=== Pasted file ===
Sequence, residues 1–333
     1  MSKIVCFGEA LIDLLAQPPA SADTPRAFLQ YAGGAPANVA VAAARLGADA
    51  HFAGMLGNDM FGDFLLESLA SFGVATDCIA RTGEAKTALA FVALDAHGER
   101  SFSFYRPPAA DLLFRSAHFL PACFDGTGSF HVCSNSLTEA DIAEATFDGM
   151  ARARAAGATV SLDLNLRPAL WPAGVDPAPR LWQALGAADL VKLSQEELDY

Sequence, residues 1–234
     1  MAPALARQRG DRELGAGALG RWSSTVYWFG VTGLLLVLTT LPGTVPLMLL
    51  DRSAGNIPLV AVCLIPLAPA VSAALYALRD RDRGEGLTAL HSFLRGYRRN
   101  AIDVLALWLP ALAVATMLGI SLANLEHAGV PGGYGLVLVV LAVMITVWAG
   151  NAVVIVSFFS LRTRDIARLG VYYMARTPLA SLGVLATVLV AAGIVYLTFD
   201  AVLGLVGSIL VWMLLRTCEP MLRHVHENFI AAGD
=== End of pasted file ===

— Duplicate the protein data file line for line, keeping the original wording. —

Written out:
Sequence, residues 1–333
     1  MSKIVCFGEA LIDLLAQPPA SADTPRAFLQ YAGGAPANVA VAAARLGADA
    51  HFAGMLGNDM FGDFLLESLA SFGVATDCIA RTGEAKTALA FVALDAHGER
   101  SFSFYRPPAA DLLFRSAHFL PACFDGTGSF HVCSNSLTEA DIAEATFDGM
   151  ARARAAGATV SLDLNLRPAL WPAGVDPAPR LWQALGAADL VKLSQEELDY

Sequence, residues 1–234
     1  MAPALARQRG DRELGAGALG RWSSTVYWFG VTGLLLVLTT LPGTVPLMLL
    51  DRSAGNIPLV AVCLIPLAPA VSAALYALRD RDRGEGLTAL HSFLRGYRRN
   101  AIDVLALWLP ALAVATMLGI SLANLEHAGV PGGYGLVLVV LAVMITVWAG
   151  NAVVIVSFFS LRTRDIARLG VYYMARTPLA SLGVLATVLV AAGIVYLTFD
   201  AVLGLVGSIL VWMLLRTCEP MLRHVHENFI AAGD